"The more we exploit nature, the more our options are reduced, until we have only one: to fight for survival."
exploit: make full use of and derive benefit of
nurture: care for and encourage the growth or development of
Part of my journey has been to change my perspective of the world. One of the biggest things is trying to become less exploitative and more nurturing, not just as it relates to gardening, but in all aspects, especially in personal relationships. I could elaborate, but I think the following passage pretty clearly sums it all up. (If you don't know who Wendell Berry is yet, find out. And read his books.)
"The exploiter is a specialist, an expert; the nurturer is not. The standard of the exploiter is efficiency; the standard of the nurturer is care. The exploiter's goal is money, profit; the nurturer's goal is health-his land's health, his own, his family's, his community's, his country's. Whereas the exploiter asks of a piece of land only how much and how quickly it can be made to produce, the nurturer asks a question that is much more complex and difficult: What is its carrying capacity? (That is: How much can be taken from it without diminishing it? What can it produce dependably for an indefinite time?) The exploiter wishes to earn as much a possible by as little work as possible; the nurturer expects, certainly, to have a decent living from his work, but his characteristic wish is to work as well as possible. The competence of the exploiter is in organization; that of the nurturer in order-a human order, that is, that accommodates itself both to other order and to mystery. The exploiter typically serves an institution or organization; the nurturer serves land, household, community, place. The exploiter thinks in terms of numbers, quantities, "hard facts"; the nurturer in terms of character, condition, quality, kind."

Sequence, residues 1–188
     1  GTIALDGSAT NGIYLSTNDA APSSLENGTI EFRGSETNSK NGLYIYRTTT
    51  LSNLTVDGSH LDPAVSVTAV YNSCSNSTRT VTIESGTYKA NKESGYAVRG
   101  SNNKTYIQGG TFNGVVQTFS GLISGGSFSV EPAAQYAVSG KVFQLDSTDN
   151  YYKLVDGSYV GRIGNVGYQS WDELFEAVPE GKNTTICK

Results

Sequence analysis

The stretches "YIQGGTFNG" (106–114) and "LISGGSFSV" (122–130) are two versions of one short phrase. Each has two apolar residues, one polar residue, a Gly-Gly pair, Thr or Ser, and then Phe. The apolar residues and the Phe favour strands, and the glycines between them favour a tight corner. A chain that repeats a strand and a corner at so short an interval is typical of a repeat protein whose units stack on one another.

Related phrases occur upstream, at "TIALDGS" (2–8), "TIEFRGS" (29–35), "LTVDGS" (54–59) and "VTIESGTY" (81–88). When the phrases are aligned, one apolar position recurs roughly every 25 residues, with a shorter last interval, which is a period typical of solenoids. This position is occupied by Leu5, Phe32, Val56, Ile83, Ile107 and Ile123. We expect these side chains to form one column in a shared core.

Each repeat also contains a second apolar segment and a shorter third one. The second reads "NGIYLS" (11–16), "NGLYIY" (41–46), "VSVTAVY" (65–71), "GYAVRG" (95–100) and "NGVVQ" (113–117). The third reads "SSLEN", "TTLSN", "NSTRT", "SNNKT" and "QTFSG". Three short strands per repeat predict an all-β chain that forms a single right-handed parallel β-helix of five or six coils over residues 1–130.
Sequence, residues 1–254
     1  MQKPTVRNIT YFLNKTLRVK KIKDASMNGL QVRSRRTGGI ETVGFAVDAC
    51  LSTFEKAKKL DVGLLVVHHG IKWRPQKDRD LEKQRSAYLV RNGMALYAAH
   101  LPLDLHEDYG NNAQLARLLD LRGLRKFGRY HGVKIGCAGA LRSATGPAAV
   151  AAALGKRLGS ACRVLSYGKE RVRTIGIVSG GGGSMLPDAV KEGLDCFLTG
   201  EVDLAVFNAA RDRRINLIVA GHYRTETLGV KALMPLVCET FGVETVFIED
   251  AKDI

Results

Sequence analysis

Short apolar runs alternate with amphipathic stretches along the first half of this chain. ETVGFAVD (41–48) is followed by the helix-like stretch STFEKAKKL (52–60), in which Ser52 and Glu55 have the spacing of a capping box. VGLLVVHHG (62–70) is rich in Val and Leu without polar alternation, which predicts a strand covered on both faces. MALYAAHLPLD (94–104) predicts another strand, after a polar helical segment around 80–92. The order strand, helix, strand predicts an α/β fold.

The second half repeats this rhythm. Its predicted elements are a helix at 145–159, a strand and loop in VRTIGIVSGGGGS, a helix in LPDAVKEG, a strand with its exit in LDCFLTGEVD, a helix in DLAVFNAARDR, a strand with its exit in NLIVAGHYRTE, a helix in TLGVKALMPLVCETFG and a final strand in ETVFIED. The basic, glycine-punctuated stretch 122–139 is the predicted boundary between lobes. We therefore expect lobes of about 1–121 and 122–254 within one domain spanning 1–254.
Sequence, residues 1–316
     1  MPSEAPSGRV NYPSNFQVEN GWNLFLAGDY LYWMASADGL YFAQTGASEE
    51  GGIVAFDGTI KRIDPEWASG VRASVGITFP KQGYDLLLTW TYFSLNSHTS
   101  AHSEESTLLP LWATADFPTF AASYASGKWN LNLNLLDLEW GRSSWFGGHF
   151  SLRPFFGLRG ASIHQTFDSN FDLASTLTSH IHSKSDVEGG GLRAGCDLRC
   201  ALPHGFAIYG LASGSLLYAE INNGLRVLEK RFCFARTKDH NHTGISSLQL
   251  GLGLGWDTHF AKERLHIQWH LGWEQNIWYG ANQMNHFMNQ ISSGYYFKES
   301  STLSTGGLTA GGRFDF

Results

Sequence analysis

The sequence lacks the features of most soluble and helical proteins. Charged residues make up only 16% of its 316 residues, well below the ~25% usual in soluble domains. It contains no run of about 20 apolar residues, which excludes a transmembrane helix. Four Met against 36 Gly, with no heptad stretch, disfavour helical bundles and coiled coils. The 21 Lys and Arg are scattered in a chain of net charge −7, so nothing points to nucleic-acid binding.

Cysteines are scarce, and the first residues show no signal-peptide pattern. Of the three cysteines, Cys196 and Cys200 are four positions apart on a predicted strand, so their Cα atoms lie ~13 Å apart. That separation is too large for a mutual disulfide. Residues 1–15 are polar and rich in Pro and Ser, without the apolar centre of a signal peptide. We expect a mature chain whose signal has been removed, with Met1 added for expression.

-Wendell Berry, from The Unsettling of America